Wildlife Officials, Blackfoot Community Work Together on Fatal Bear Attack Details and Next Steps

Wildlife officials and the local Blackfoot Valley community are working together to wrap up details of the July 6 fatal grizzly bear attack of a camper in Ovando.

Soon the information will be sent on to the Board of Review, a group of wildlife staff from federal and state agencies assembled to look at the details of all human-bear attacks and record them in a final report. The board will release its final report, containing all details of this Ovando case sometime later this year. It will be available for review on the Interagency Grizzly Bear Committee website at igbconline.org/bear-safety/.

On July 14, DNA results confirmed that the bear killed by wildlife officials was the same bear that fatally attacked Leah Davis Lokan in her tent in the early morning hours of July 6. DNA samples from the bear, saliva samples at the scene of the attack and samples from two chicken coops in the area that the bear raided all matched up.

The tragic event brought community members and wildlife officials together to respond, collect information and discuss next steps.

“The local Blackfoot community came together from the first moments of this incident to do all it could to help,” said Montana Fish, Wildlife & Parks Director Hank Worsech. “This is a tight knit group of people with a long history of working together to do what they can to address the challenges of having bears in the watershed. Coming together to help and process the events of this incident has been no exception.”

Wildlife officials from FWP, the U.S. Fish and Wildlife Service (USFWS) and USDA Wildlife Services have put together more details from the case indicating the 417-pound male grizzly was 6 years old. It was a healthy weight but lean, which is typical of bears at this point in the summer season just before they begin heavily foraging in preparation for a long winter with minimal food. It had a wound on its shoulder that is often characteristic for male bears during their annual breeding season, which typically runs from May through July.

The bear had no history of conflicts but was likely drawn to town in search of food.

Ovando sits in the upper Blackfoot Valley, in an area with a long history of grizzly bears and of cooperative efforts between landowners, wildlife agency employees, and community members to develop ways to live with bears that reduce impacts to livestock operations and maximize human safety. Grizzly bears are common in the Blackfoot Valley, but events that result in human injury or death are extremely rare. The only other fatal attack by a grizzly bear in the Blackfoot Valley in the past 50 years was an elk hunter in 2001.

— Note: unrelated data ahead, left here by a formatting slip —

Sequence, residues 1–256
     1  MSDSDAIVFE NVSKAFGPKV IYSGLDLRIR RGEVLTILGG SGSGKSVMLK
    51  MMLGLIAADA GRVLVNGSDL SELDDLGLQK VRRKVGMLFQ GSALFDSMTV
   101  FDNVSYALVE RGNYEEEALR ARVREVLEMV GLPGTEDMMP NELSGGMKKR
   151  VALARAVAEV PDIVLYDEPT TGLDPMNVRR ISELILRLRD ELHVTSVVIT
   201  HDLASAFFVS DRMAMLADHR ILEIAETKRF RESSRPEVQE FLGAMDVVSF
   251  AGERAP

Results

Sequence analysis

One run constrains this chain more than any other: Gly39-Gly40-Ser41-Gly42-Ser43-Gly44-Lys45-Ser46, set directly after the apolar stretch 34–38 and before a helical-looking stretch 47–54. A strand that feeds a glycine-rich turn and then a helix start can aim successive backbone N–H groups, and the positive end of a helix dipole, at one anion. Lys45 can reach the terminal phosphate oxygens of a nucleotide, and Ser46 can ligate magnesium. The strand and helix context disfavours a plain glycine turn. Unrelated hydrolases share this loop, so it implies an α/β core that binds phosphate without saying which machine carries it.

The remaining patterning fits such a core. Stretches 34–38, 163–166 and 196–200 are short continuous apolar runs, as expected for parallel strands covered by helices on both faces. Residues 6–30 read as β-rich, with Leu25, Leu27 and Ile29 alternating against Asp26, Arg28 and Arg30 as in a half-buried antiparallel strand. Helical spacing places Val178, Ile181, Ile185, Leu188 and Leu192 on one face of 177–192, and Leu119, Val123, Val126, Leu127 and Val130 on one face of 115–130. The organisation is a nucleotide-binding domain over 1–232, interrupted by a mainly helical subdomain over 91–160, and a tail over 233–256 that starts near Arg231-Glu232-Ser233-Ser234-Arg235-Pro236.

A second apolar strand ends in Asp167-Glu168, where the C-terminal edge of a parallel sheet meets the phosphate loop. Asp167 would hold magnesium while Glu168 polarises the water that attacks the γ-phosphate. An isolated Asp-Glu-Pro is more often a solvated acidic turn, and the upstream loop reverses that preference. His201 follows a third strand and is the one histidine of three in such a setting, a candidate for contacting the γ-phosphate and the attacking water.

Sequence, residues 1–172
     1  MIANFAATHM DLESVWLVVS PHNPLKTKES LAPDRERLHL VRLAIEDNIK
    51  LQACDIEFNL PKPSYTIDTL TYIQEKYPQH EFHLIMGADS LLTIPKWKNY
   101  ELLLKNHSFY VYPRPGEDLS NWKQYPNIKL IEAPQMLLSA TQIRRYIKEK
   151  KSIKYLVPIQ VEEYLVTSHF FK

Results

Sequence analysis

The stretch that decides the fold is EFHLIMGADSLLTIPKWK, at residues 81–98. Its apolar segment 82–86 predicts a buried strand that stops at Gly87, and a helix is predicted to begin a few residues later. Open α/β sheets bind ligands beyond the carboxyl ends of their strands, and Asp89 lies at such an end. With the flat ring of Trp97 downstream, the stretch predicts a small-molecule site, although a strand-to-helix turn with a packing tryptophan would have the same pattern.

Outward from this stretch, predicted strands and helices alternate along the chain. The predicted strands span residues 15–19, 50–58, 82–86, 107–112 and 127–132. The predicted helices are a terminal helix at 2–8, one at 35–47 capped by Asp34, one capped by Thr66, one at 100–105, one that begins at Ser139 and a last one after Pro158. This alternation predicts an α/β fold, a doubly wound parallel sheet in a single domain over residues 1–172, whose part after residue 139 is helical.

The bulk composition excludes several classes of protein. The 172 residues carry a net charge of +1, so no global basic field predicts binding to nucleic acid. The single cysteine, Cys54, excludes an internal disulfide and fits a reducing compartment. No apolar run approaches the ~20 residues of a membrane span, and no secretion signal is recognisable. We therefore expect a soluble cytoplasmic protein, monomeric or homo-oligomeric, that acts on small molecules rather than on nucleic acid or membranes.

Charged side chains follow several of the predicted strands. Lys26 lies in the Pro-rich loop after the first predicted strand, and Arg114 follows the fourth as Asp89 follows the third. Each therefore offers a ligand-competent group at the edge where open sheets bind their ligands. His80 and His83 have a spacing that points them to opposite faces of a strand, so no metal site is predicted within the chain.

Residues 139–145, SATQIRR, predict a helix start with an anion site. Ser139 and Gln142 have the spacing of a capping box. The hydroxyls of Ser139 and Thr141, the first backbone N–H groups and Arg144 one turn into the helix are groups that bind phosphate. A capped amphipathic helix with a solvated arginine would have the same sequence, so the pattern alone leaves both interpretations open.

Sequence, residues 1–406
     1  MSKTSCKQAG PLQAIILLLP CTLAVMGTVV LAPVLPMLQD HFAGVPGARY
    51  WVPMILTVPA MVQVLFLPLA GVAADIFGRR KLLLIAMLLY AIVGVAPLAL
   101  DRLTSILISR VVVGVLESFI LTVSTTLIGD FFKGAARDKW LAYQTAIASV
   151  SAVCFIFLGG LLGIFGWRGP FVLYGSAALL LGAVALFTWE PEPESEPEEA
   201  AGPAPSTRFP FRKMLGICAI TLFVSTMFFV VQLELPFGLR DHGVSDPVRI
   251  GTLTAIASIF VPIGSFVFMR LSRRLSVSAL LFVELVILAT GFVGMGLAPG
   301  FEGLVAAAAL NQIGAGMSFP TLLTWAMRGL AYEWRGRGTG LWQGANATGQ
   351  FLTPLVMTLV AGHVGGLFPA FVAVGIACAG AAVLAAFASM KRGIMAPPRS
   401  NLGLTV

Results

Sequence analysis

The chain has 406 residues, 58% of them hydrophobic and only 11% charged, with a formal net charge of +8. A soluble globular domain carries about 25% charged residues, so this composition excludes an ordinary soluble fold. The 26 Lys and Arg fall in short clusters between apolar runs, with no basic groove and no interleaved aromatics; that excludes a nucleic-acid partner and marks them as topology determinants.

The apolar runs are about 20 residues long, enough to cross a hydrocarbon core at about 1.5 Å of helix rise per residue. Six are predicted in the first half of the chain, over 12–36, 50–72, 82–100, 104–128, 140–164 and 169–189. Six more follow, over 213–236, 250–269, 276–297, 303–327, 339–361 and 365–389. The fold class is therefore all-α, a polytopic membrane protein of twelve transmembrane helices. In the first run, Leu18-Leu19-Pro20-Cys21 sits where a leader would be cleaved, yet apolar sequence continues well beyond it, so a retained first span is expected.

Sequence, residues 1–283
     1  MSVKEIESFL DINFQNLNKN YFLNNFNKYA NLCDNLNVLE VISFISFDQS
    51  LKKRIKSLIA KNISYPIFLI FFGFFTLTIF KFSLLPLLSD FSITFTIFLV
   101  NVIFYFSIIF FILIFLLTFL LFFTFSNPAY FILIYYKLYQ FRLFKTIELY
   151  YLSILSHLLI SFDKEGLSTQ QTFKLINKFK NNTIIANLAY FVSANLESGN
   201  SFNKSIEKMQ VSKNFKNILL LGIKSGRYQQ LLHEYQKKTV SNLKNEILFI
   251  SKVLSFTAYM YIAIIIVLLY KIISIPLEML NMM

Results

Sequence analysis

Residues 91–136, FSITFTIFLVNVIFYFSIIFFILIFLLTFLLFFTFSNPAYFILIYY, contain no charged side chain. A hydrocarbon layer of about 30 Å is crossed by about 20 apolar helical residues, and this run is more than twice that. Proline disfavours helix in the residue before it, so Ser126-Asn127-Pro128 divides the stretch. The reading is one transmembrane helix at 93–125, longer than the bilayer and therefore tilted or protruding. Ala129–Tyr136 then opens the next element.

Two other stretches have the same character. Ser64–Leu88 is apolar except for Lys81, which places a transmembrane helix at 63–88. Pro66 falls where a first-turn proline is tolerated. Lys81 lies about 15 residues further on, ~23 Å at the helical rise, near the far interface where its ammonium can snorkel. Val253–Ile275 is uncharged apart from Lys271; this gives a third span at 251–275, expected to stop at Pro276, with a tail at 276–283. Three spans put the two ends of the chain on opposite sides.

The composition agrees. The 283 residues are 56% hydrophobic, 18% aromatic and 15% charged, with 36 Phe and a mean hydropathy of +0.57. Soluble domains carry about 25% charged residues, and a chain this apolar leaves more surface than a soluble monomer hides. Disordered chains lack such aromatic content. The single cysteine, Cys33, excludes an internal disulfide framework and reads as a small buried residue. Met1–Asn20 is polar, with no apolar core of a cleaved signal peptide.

“Grizzly bear distribution in the area has continued to expand through the years,” said Hilary Cooley, USFWS Montana-based Grizzly Bear Recovery Coordinator. “And as bears expand their range and the population grows in some places, there are a lot of people in the Blackfoot that consistently come together to figure out how to resolve issues and find creative solutions for working and living with bears. These efforts have been remarkable.”

The area is part of the Northern Continental Divide Ecosystem, which is a biologically recovered population of grizzly bears. Because bears are listed as Threatened under the Endangered Species Act (ESA), special rules govern what landowners and others can do.

It is legal for people to kill bears in self-defense or in defense of others, if it is reported within five days to a state or federal agency. However, killing or wounding a bear for any other reason is not allowed under the ESA, except by a federal, state, or tribal agency. The USFWS has provided guidance (click here) on legal methods that livestock owners, homeowners and the public can use to deter bears from using areas near homes or property.

Human safety around bears is a relevant topic in the Blackfoot Valley and beyond. This time of year, when bears are just starting to be more active, foraging for food ahead of the winter, FWP works to remind residents, recreationists and hunters of bear safety tips such as:

  • Be aware of your surroundings and look for bear sign.
  • Read signs at trailheads and stay on trails. Be especially careful around creeks and in areas with dense brush.
  • Carry bear spray. Know how to use it and be prepared to deploy it immediately.
  • Travel in groups whenever possible and make casual noise, which can help alert bears to your presence.
  • Stay away from animal carcasses, which often attract bears.
  • Follow food storage orders from the applicable land management agency.
  • If you encounter a bear, never approach it. Back away slowly and leave the area.